If you love clear running water, trees and boulders, lush landscapes, colorful wildflowers, the crunch of the earth under your feet, and the Buffalo National River valley, have I got a place for you – Smith Creek Preserve. Personally, I think the name should have been Smith Creek Paradise. Since I didn’t get to name it…
The Preserve is 1,316 acres of beautiful, rugged Ozark forest bisected by Smith Creek, a tributary to the Buffalo National River. To the public, it offers 10-plus miles of hiking trails, waterfalls, creek wading, swimming holes, birding, and that beauty and peace you find in such a fine outdoor setting. To Mother Nature, it offers preservation for one of the longest caves in Arkansas and a home for bats and other animals.
The acreage lies above Sherfield Cave, where the state’s largest colony of Indiana bats hibernates each winter. Smith Creek Preserve, along with an easement The Nature Conservancy purchased on adjacent property where the main entrance of Sherfield Cave is located, limits disruptions to the endangered bats during hibernation, which can increase the bats’ mortality rates. In addition, the preserve, which is also home to gray bats, black bears and elk, conserves the surrounding forest necessary for the Indiana bats’ foraging and roosting needs. It also helps ensure the water flowing into the cave and the Buffalo River – the nation’s first national river – remains clean. Additionally, the preserve serves as a connection between the Ozark National Forest and the Buffalo National River Wilderness Area.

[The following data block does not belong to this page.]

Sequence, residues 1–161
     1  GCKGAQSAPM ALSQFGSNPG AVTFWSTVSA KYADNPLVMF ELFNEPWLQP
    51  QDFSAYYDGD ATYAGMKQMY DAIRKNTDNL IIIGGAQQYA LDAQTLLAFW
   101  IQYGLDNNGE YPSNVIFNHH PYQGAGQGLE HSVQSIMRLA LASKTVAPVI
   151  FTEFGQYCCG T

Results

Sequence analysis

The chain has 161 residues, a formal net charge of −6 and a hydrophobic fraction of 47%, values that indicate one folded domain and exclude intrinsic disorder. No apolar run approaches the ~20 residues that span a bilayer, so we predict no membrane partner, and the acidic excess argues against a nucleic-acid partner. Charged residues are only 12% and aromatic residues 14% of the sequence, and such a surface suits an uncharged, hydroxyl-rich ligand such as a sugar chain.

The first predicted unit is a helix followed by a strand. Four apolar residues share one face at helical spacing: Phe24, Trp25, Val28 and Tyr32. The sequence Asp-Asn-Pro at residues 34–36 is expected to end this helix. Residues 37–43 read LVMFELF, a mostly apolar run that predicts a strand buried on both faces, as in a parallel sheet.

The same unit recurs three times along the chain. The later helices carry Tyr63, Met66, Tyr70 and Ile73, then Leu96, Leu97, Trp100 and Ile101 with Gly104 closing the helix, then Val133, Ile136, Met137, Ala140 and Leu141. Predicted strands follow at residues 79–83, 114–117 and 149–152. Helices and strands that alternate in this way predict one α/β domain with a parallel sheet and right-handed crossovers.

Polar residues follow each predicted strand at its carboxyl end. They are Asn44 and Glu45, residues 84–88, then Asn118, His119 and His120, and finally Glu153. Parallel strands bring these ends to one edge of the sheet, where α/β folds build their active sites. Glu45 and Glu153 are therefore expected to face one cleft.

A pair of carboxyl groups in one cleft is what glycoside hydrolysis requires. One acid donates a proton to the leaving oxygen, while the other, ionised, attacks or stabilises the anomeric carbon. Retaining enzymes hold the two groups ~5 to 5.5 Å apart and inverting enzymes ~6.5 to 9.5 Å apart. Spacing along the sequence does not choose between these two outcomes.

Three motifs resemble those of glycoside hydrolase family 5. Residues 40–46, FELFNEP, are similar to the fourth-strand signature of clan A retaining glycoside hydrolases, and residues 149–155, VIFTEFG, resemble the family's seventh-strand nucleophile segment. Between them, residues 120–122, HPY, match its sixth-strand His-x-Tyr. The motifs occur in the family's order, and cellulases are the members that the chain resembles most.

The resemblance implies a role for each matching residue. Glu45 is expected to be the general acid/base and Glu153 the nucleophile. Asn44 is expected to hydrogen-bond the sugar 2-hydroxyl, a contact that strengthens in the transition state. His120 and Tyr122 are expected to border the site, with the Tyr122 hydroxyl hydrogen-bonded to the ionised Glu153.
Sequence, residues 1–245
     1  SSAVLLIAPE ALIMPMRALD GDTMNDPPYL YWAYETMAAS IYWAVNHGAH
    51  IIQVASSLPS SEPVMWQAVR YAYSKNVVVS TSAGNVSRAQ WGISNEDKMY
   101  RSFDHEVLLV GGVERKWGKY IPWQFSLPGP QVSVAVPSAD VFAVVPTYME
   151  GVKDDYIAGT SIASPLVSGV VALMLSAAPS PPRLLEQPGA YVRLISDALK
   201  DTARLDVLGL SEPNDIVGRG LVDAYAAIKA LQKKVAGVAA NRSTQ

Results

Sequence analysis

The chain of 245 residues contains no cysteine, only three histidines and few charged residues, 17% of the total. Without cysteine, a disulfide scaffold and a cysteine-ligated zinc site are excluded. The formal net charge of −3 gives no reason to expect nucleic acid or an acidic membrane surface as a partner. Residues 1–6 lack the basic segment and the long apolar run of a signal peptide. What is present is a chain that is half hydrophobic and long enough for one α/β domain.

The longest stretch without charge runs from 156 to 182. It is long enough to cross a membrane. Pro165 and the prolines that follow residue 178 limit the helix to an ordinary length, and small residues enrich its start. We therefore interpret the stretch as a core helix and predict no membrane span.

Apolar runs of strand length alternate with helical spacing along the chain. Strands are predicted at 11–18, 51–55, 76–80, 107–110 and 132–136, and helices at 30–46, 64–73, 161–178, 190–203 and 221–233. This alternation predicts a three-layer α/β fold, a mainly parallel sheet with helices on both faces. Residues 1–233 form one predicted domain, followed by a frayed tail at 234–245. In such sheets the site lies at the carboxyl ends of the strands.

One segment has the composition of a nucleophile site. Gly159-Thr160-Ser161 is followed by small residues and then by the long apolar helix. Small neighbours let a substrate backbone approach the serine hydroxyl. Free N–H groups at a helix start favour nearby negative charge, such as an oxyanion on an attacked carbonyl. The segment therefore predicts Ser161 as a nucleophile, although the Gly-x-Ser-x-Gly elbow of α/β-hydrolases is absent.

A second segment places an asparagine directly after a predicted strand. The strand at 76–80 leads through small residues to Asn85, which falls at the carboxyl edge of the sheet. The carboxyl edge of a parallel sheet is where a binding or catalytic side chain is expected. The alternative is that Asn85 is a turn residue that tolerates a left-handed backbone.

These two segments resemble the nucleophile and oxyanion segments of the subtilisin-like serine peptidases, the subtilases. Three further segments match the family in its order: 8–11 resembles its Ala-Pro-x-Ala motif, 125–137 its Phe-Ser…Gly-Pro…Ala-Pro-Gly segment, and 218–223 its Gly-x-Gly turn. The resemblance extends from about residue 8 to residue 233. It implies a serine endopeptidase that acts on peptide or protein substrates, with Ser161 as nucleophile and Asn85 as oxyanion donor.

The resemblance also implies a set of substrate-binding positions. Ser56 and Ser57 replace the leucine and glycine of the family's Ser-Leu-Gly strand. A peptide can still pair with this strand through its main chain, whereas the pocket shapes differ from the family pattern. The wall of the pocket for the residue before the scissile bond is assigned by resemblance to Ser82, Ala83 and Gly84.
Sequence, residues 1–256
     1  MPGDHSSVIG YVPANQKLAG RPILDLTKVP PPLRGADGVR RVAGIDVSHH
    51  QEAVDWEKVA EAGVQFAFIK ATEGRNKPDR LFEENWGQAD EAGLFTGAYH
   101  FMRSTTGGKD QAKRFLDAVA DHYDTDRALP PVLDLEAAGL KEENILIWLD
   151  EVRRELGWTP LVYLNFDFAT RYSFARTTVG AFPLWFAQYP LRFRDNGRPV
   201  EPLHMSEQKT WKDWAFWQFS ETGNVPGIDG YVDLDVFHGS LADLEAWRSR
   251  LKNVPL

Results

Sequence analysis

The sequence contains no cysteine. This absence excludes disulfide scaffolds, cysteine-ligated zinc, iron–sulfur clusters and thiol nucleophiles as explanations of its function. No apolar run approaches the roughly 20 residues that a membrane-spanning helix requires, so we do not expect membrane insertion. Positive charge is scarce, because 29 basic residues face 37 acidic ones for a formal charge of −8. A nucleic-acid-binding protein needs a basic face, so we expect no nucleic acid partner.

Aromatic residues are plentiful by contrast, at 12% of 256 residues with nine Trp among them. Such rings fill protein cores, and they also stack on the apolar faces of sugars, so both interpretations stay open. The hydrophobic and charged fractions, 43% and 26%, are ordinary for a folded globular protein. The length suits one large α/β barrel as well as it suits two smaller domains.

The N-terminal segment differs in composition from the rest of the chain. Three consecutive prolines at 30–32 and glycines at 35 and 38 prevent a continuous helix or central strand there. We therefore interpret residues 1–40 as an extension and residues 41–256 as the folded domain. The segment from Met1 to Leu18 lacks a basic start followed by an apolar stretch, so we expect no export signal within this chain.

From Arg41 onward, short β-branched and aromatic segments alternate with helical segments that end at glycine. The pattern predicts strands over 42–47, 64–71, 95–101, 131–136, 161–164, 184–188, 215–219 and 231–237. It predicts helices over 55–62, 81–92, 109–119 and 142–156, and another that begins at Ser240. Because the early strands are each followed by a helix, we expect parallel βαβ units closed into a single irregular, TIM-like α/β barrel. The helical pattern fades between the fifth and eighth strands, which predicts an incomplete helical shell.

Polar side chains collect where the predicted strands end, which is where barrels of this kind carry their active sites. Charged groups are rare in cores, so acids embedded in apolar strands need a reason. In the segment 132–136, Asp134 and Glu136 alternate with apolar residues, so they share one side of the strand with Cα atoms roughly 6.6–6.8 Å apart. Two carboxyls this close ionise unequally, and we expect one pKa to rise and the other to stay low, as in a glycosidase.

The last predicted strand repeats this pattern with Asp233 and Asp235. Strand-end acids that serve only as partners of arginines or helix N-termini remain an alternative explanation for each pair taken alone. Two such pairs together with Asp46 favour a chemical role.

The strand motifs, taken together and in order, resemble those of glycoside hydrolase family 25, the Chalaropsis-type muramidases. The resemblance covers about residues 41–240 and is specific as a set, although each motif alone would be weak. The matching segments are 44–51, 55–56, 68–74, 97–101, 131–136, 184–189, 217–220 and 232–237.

The Nature Conservancy in Arkansas first dedicated a portion of this preserve, located in Newton County, in 2005. The acquisition was made possible by a generous discount sale from the late Marty and Elise Roenigk of Eureka Springs and by a grant from the National Fish and Wildlife Foundation and Walmart’s Acres for America Program. An additional 90 acres to the preserve was dedicated April 7, 2017. It was made possible with support from Tyson Foods, Inc., the Buffalo River Foundation, and many private donors.
You should avoid the sink holes and the cave, but the public is welcome to hike the area and cool off in the crisp, clear water. You’ll find a short hike to Elise Falls. The Roenigks actually collected waterfalls. How cool is that? They would buy property containing waterfalls they loved. Kudos to Elise for donating one from her collection to the preserve.
If the Conservancy had not acquired the area, it likely would have been developed for vacation homes. Learn more about what the Conservancy is doing at the Smith Creek Preserve to protect clean water and fragile wildlife of the Buffalo River.
Smith Creek Preserve is located on Ark. 21, just south of Boxley Baptist Church. Other incredible hiking opportunities in the area include Lost Valley and Hawksbill Crag, one of the most photographed views in the state. Nearby Upper Buffalo mountain bike trails include a wide variety of incredible Ozark Forest riding, native plant species and wildlife.